By Emily Folk
Each year, more than 2 million children die from water and sanitation-related illnesses, making waterborne disease a major leading cause of under-5 mortality. Children are even susceptible to sickness and death from water pollution before being born. Fetal exposure to contaminated water can lead to low birth weight, premature birth and congenital abnormalities, and even slow their growth within the womb.
While this crisis often affects those in developing countries, water pollution is still a prevalent issue within the United States. For instance, just a few years ago, residents of Flint, Michigan, got lead poisoning from tainted tap water. This spurred investigations into the water quality of neighbouring cities like Detroit and New York City, where dangerous levels of lead were also found.
These contaminants are especially harmful to children who are still growing and developing organs and tissues.
What’s in your water?
Water for millions of Americans has higher amounts of 90 contaminants than is considered safe. Moreover, more than 250 contaminants were detected in water samples across the U.S. At least 45 of these were linked to hormone disruption, another 93 were linked to cancer, and 63 can harm fetal and young child development. Researchers still don’t understand the full effects of certain chemicals found in water.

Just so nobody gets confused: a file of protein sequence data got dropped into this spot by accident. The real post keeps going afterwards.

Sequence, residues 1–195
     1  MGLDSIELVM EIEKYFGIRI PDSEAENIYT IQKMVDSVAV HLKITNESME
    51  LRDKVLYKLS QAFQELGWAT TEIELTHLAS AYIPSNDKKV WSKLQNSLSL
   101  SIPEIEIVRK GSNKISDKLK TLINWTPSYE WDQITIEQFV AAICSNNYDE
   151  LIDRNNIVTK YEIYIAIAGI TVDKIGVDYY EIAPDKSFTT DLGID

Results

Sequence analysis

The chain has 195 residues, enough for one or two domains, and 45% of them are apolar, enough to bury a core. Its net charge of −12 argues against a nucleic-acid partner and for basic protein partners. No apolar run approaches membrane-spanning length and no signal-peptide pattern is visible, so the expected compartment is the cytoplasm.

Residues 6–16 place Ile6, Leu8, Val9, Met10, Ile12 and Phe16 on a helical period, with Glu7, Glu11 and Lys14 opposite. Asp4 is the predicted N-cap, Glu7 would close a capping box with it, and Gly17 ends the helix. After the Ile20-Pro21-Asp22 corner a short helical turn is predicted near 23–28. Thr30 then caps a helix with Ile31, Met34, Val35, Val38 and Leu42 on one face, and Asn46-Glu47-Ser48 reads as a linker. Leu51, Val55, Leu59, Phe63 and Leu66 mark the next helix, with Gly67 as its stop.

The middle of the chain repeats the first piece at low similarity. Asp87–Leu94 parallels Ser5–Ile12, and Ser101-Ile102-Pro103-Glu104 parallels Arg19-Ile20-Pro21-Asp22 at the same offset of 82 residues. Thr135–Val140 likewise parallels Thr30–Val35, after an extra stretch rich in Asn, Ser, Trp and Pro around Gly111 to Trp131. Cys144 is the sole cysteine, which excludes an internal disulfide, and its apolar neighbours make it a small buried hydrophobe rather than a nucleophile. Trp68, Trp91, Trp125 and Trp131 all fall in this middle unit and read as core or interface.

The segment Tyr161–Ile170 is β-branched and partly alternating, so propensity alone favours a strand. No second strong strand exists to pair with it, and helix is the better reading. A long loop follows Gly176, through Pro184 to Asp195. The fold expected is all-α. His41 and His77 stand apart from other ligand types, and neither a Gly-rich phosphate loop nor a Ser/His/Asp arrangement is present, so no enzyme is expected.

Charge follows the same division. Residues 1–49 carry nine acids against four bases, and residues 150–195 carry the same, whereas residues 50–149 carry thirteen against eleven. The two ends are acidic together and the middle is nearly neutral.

Subtle changes within children are hard to detect, and the impact of contaminated water may not be noticeable for many years.
Although tap water contains contaminants, it does hold a valuable ingredient – fluoride. This mineral prevents tooth decay and cavities, and infants need fluoride supplements when they reach 6 months of age. Tap water typically contains at least o.3 ppm of this important mineral, which is safe and healthy for children to ingest. However, the water from your faucet can contain too much fluoride, which can cause skeletal problems and dental fluorosis in young children.